Keep advisers on boards, Oireachtas education committee hears – The University Times
The Irish Association of Local Government has warned against removing city and county councilors from university governance bodies as part of proposed sweeping changes to the management of higher education institutions.
Association president Mary Hoade told the Oireachtas Joint Committee on Education and Higher Education that there are many “compelling and constructive reasons” for having advisers on school boards. administration of universities.
The committee today began the pre-legislative review process of the Higher Education Authority Bill, which would give the Minister of Higher Education the power to suspend and replace the governing body of higher education institutions. publicly funded universities if there are very serious concerns about how the institution is operating.
Hoade said: “We are concerned that such a reform will eliminate representation of public representatives on university governing boards.”
“The association is of the opinion,” she continued, “that there are compelling and constructive reasons why advisers should continue to sit on governing bodies”.
The advisers have served on University College Dublin’s board of trustees for over 100 years, she said.
“Councilors have a legitimacy to speak on behalf of the Irish public through their interaction with communities, Councilors bring awareness of the public perspective and concerns regarding higher education.”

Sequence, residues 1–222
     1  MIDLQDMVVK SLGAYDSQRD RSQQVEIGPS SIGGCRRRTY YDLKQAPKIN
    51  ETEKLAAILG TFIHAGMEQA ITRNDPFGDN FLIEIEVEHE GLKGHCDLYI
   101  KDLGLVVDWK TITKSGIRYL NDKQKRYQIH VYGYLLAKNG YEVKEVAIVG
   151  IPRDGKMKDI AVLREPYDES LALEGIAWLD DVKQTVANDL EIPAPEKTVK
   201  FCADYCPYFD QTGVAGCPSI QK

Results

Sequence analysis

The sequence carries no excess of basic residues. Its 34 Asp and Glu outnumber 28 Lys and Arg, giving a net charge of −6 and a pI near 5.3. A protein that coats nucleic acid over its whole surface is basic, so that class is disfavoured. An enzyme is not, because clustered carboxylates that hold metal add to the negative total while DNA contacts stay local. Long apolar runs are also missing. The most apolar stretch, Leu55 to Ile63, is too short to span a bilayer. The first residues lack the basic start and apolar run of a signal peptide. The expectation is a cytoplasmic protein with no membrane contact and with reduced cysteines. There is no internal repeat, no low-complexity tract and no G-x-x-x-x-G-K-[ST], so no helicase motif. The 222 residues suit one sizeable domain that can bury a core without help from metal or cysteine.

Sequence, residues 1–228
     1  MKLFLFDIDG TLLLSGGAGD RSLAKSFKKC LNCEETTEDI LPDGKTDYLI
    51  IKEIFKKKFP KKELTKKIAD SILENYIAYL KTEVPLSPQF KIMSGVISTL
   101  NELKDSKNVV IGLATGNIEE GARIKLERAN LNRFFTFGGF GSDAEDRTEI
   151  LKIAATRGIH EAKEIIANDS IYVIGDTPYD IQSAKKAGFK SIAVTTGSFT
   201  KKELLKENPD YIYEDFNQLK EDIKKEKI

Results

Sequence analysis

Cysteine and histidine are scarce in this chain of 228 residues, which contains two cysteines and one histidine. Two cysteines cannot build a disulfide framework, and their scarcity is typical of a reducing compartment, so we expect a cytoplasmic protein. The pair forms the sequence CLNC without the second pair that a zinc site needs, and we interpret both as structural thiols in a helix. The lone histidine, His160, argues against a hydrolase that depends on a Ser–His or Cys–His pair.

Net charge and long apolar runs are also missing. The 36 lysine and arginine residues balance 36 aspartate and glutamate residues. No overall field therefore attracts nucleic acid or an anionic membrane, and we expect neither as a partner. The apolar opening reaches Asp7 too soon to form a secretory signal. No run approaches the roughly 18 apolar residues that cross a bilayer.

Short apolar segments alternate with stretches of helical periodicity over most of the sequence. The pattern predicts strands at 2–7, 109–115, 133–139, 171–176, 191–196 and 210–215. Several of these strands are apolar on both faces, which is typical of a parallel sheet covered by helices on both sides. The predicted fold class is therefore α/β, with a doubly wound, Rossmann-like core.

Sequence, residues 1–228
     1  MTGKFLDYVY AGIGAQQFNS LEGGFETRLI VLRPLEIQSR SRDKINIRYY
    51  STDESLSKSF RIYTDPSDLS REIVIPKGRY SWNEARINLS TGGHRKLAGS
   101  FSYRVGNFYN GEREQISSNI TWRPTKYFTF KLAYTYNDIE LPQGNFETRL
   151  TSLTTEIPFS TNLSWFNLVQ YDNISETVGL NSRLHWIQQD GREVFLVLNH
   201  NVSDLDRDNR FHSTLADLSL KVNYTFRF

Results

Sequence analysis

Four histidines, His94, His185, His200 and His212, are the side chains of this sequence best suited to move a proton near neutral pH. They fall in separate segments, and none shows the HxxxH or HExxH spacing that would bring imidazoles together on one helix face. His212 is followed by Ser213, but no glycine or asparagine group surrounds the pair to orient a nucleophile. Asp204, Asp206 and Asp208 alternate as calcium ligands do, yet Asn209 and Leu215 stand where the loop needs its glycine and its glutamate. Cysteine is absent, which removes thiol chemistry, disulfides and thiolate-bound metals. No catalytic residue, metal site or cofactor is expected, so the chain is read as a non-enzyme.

In addition, “counselors come from diverse backgrounds: rural, urban and suburban, and [a] diversity of professional backgrounds and professional skills.
“Such diversity is a powerful contraband to the corporate phenomenon of group thinking,” Hoade said.
The Association of Irish Universities (IUA), the Technological Higher Education Authority (THEA) and the Association of Colleges of Higher Education also addressed the committee today.
In his opening statement, IUA Director General Jim Miley said that while it was “necessary to update the half-century-old legislation” currently in place, “it is essential that the specific provisions of the bill do not compromise institutional autonomy ”.
“The provisions of the bill to support accountability are strongly supported by the IUA,” Miley said. “It is important, however, that the agility of individual universities is not unduly constrained. “
Under the bill, the government would also be able to impose financial and non-financial sanctions on universities.
The Higher Education Authority (HEA) would be renamed the Higher Education Commission under the proposed legislation, and would have a stronger regulatory and oversight role, especially with regard to statutory codes of university governance. and statutory performance frameworks for publicly funded higher education institutions. .
THEA CEO Joseph Ryan told the committee: “The HEA also has a role to play in upholding diversity: measures that lead to the homogenization of the system, consciously or not, must be proactively fought. .
The bill presents, he said, a “risk of building governing bodies that are too small”.